We learned that Jeffrey Amherst—and not the Indians—invented the barbaric practice of scalping to substantiate the number of Indians he killed and was compensated for. We learned that Continental soldiers' style of dress and coif, which included very tall wigs and feathered caps, was known as 'macaroni', after the Continental cuisine du jour, because the men held their stacked hairdos together with flour and water. I have heard or sung Yankee Doodle a hundred times and I never knew what was meant by the lyric, 'he stuck a feather in his cap and called it macaroni'. Now I do.

After telling us stories about the Quartering Act and other oppressive British practices that led to the Revolutionary War, Schustik explained the origin and purpose of the armies' articles of clothing and weapons, illustrated with an impressive collection of authentic samples. The double-breasted coat was designed to overlap to the left or right side of a soldier's chest depending upon the direction of the wind. Likewise, the three-cornered hat was designed to catch the wind in such a way that it stabilized the hat to the head rather than blew it away and also funneled rain off the shoulders. The tomahawk not exclusively an Indian weapon, was the armies' weapon of choice because it also served as a hatchet tool in the woods.

I had to steal myself away from his performance long enough to look around and see that not one student was fidgeting or whispering or falling asleep. Between 9 a. m. and 10 a. m. on a Friday morning, when middle school students have long-since spent their attention on a week's worth of learning, Bill Schustik had successfully captivated every single member of the audience, including me.

—Story by Wendy Cloutier, "Art Beat"

For more information on school programs and availability, please call 845.268.6505.

Performing at Lincoln Center
Bill Performing at Lincoln Center's "Reel to Real for kids"
Photo: © Mitch Teplitsky

Below is a sampling of letters sent to Bill by students:

Cloudcroft, New Mexico 1991

Thank you for coming and singing. You were great! William, Grade 2

I really did like you singing for us and I mostly liked your singing so much! Theresa, Grade 2

Bay Haven Elementary, Florida 1992

Thank you so much for the music and the fun! Martin Jammillo

Thank you for coming. Your stuff and you were neat. I wish you could come again and tell us more. Sarah Merritt

I love those wooden people that you made dance! Everyone at my house is amazed at how I can "tongue" the harmonica: I tell them that Mr. Schustik taught me! Miss Taylor Simpson

I am so glad you could come! Where did you learn to play all those instruments? The one I liked best was the one where the people jumped up and down. Where did you learn all those songs? I thought they were so neat and different. I hope you come back next year! Ashley Evans

Jersey City, NJ 1986

It was fun to hear from you what we had already studied, but in a different manner. Your act reinforced old material and taught us new things as well. It was interesting and exciting! David Worman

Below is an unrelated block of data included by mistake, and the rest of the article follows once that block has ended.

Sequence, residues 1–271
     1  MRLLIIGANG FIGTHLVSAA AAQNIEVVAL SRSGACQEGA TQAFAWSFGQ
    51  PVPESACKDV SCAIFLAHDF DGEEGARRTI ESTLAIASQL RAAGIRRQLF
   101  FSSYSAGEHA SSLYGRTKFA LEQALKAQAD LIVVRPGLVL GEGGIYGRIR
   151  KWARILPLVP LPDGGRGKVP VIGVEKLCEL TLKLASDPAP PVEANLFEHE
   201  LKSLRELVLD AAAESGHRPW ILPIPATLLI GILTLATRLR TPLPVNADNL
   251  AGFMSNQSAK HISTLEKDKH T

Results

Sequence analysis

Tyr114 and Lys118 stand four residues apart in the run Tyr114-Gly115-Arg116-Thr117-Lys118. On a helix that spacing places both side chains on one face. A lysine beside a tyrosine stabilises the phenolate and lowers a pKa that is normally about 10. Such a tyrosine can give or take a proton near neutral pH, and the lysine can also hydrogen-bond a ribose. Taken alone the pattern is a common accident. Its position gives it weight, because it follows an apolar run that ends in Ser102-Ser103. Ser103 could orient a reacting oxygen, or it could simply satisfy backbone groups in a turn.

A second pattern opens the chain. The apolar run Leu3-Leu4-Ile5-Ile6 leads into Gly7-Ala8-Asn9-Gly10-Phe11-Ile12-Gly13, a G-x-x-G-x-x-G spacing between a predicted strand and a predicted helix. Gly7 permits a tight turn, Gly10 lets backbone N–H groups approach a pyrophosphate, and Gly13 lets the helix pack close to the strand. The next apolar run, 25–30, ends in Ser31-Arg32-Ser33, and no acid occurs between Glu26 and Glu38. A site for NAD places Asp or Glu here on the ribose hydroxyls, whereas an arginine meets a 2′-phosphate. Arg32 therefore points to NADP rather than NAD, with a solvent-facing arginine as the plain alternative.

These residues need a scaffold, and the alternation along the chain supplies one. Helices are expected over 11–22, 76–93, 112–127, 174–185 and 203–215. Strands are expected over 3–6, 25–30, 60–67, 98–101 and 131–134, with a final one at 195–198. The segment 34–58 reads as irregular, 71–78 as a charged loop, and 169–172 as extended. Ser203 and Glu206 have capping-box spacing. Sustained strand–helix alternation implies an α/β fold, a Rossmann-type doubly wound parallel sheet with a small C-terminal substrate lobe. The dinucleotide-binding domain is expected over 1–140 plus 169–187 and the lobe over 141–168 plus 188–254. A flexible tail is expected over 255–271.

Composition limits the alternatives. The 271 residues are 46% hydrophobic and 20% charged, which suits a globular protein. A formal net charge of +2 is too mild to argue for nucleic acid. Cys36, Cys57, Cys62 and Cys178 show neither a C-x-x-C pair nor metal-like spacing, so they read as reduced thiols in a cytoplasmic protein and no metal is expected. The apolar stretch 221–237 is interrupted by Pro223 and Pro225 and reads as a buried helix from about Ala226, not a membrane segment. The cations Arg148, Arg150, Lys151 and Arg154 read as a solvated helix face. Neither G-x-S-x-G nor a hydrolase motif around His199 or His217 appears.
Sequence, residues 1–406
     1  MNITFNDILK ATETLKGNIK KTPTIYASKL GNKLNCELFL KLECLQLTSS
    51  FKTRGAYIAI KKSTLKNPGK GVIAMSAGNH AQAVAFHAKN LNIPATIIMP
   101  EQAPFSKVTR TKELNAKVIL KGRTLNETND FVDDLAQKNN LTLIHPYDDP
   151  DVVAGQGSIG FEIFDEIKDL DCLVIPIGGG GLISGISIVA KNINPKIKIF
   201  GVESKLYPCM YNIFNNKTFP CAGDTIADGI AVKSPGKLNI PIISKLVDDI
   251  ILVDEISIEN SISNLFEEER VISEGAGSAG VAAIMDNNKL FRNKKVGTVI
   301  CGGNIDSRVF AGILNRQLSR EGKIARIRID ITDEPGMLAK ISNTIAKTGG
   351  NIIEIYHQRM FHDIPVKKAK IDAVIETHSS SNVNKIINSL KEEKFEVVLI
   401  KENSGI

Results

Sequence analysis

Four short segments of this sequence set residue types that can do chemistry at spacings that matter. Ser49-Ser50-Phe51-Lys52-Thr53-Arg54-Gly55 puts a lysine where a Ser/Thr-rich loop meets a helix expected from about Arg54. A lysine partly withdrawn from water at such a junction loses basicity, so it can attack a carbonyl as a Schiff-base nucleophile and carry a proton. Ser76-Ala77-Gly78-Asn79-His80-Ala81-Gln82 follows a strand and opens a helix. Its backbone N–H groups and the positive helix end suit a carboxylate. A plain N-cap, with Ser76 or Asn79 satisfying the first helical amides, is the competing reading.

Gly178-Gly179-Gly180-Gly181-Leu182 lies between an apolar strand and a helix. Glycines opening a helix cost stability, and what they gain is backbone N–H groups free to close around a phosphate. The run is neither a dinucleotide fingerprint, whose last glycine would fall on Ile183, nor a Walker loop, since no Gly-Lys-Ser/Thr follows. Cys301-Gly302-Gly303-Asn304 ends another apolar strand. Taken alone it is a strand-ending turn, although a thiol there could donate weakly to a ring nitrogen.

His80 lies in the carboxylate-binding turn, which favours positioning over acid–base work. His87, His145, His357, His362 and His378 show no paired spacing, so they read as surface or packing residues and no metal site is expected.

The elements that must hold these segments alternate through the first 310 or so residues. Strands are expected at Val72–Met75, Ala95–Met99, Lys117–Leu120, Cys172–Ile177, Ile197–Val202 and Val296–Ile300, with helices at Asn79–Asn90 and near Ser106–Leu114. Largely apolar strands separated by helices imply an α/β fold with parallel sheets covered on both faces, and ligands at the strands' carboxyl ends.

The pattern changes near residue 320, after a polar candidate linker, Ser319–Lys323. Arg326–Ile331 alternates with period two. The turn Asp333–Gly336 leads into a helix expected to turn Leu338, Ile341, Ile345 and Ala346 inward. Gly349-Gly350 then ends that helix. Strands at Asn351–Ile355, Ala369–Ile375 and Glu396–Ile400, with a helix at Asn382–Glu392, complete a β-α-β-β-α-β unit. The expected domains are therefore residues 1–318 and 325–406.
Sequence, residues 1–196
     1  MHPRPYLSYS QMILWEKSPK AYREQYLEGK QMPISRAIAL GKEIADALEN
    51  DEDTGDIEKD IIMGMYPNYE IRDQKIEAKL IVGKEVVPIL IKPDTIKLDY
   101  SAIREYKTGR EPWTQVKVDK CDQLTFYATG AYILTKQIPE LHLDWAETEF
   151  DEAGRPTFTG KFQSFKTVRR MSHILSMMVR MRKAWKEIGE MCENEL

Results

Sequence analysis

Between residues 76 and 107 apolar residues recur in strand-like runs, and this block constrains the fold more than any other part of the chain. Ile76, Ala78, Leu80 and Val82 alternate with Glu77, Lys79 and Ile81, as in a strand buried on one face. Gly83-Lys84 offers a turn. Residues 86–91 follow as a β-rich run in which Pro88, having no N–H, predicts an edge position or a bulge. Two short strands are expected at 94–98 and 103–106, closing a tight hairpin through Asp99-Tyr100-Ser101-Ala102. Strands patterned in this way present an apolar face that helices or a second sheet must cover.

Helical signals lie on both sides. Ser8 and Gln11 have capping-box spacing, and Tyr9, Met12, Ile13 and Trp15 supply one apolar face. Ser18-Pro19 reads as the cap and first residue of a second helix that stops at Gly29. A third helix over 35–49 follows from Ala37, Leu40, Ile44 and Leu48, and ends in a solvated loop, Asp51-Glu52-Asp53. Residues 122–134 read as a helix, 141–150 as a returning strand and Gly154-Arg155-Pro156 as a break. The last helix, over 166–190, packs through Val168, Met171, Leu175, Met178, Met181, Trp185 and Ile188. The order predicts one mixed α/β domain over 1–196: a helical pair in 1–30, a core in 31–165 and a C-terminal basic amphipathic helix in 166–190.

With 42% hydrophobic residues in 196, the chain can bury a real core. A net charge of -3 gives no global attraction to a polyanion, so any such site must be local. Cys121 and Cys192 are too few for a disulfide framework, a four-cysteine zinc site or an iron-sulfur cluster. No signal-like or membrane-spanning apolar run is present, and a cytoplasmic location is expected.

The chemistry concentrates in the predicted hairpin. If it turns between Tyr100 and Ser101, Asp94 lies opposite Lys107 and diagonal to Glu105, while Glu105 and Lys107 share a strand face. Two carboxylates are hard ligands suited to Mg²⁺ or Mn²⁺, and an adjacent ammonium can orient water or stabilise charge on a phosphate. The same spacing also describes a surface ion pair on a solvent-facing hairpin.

You are the best actor and singer that has ever traveled the world! Eliezer Feanqui

In addition to being informative, you were very entertaining and enjoyable. I believe the things we learned from you will stay with us for a long time. John Wiler

Although I had heard of the traditional American songs, I never thought I would feel America with them. Thanks for having brought nearer the American spirit to me. I really enjoyed myself and after your performance, I think differently about America. James Vara (from Spain)

Northeast High School, Florida 1990

Bill Schustik is a pretty mondo cool dude! Many students who walked into class with apprehension, walked out with a smile on their faces. Everyone left feeling a little different, and a little more educated. Sabrina DiDonato

Bill Schustik is a great folk singer! William Barlow

When I was told I was going to see a folk singer I was more than a bit skeptical. Much to my surprise, this went far beyond my expectations. Bill is a good performer with a great sense of humor! On a scale of one to five I give him a five and a half! Carrie Padicinski

St. Petersburg High School, Florida 1990

Thanks very much for performing for us. You did an excellent job and kept all of us very entertained. Please come and visit again! Dana DeRussy

Thanks for giving us the opportunity to hear some great songs. History seemed more fun than it ever has, and I really enjoyed that day. Cindy

Your performance was great! A welcome change from every day history class. Jay Janowsky

Your show was enjoyable and enlightening. Thank you for sharing your knowledge with us. Anonymous

I thought your performance was great, and it was a new experience for me because I have never heard a folk singer before. You taught us facts in a way that no teacher teaches. The whole activity was fun and educational. Guy Wofford

Bill automatically kept everyone awake! Cheryl Johnson

You actually made history interesting and entertaining, which was a welcome change from the regular lecture. Beth Newman

Previously when the term, "folk music" has been said, I thought of Tracy Chapman, Michelle Shocked and other artists. Thanks to you I now know the true meaning of "folk music", and I also enjoy it! Alison May

You were beautiful and touched my heart deeply; FoLklore is #1! Denise Buren

I am a native of Vietnam, and though I know little of the Vietnamese heritage, I know even less of America's; that is, until your visit. Now I am richer in understanding and enjoyment of my adopted country's traditions. Thank you for the invaluable lesson. Ann Huijid